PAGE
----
Aberdeen to Revisit Tax Policy for Businesses
By Tom Embrey
Aberdeen's Board of Commissioners will revisit its tax on a business' gross receipts following concerns from two companies worried that such a surcharge unfairly impacts wholesale businesses by taxing their merchandise twice.
Town Manager Bill Zell offered a possible solution last week in the form of a table or matrix for businesses that are wholesalers, manufacturers and distributors.
The solution calls for a flat fee of $200 for each business and an additional charge between $200 (50 or fewer employees) and $1,200 (more than 500 employees) based on the number of employees at the business. Thus, a qualifying business with 650 employees would pay $1,400 in tax.
"That sounds like a much more fair solution," said Frank McNeill, of McNeill Oil and Propane. In November, McNeill and Alan Moon of Aberdeen Coca-Cola Bottling Co. both voiced concerns over the fairness of a gross receipt tax on wholesale and distribution businesses.
Both said at the time that they had no problem paying their fair share, but they felt that because their businesses were wholesalers, the town was collecting tax on their merchandise more than one time.
"I just want us to be fair; not even, but fair," McNeill said during the November meeting. "We want to bring it to you that it's hitting a few of us pretty darn hard."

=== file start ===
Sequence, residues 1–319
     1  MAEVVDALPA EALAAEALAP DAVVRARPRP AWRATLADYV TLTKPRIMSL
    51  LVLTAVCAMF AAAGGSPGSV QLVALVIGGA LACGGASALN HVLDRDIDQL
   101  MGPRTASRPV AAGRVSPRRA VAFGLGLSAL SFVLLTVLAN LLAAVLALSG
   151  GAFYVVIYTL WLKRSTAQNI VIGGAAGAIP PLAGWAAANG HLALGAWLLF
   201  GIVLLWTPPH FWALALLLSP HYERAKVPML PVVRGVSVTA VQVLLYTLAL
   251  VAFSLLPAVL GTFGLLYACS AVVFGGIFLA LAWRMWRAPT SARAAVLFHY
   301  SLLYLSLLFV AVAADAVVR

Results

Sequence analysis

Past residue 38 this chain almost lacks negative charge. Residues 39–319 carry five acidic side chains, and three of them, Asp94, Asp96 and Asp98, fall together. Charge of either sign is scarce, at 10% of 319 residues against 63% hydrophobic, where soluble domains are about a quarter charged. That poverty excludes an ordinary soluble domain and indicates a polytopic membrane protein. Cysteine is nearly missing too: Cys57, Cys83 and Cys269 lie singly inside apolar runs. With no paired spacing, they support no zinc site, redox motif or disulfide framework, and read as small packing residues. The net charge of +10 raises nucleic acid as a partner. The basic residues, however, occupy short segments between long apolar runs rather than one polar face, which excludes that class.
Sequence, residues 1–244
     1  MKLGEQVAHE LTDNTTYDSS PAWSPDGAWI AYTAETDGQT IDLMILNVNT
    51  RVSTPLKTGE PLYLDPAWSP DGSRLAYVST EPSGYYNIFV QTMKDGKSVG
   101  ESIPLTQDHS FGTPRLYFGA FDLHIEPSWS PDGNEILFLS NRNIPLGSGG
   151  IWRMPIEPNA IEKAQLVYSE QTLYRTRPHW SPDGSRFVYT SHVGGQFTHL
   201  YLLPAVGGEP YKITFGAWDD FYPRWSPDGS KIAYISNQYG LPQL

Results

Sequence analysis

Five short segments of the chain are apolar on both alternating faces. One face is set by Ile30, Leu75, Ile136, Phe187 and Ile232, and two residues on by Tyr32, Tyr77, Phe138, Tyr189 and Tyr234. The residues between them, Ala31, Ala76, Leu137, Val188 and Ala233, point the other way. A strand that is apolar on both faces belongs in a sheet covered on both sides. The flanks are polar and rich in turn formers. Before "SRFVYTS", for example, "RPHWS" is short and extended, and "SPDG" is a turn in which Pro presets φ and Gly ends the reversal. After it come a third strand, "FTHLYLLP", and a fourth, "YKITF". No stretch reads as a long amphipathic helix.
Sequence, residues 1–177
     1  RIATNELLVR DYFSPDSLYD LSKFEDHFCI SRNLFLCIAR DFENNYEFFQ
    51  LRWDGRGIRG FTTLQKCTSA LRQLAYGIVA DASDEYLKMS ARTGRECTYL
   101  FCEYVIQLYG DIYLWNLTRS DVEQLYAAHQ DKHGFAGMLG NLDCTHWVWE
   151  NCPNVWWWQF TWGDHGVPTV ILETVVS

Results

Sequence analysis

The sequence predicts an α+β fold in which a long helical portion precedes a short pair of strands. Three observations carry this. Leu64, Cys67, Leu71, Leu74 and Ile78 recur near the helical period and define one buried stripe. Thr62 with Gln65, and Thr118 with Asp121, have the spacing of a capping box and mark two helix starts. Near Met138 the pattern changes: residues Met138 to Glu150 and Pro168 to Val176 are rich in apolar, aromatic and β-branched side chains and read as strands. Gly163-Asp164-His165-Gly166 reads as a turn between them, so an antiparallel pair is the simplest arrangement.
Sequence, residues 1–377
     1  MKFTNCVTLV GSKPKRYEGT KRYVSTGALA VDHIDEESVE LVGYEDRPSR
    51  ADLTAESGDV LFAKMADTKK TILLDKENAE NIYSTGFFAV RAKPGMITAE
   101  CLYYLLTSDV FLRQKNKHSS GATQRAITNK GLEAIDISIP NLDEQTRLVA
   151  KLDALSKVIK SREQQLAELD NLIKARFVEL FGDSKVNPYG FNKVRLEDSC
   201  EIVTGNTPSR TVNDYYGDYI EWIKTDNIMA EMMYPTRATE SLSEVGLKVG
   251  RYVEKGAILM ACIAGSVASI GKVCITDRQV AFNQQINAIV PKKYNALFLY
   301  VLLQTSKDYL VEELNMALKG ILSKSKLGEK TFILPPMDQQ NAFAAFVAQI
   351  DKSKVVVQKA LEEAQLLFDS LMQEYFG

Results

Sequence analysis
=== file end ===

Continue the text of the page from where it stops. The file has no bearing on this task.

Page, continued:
A gross receipts tax or gross excise tax is a tax on the total gross revenues of a company, regardless of their source. The gross receipts policy went into effect July 1, 2012.
Manufacturers, wholesalers and distributors, and other businesses in Aberdeen currently are charged a privilege license tax based on a percentage of all gross receipts over $500,000. Revenue under $500,000 is subject to a flat fee only.
All gross receipts over $500,000 are taxed at a rate of 50 cents per $1,000.
For example, a retailer with yearly gross receipts of $45 million would be liable for the flat privilege license tax of $50 on its first $500,000 of gross receipts, and a gross privilege license tax of $22,500 on the remaining $44.5 million.
In November, the board agreed to work on possible solutions and revisit the policy in January.
According to the current ordinance gross receipts will be the amount the business reports on its state income tax return, or on the federal return filed with the state return if the state return does not separately state gross receipts for the most recently completed tax year.
The ordinance also includes a flat fee for all businesses that ranges between $50 and $200.
In March, when he first presented the gross receipts tax idea to the council, Zell said he thought the change would increase the town revenue significantly. He said then that the town had been charging businesses "the minimum for years" and that the change in taxation was an "untapped" revenue source.
When implemented, the gross receipt tax was intended to collect more from larger or big box retailers.
Zell said this now was an opportunity to take a closer look at the policy.
"When people come to us with questions, you have to think about it, because when you make policy you can't always anticipate all the issues that may come up," Zell said.
Contact Tom Embrey at (910) 693-2484 or tembrey@ thepilot.com.
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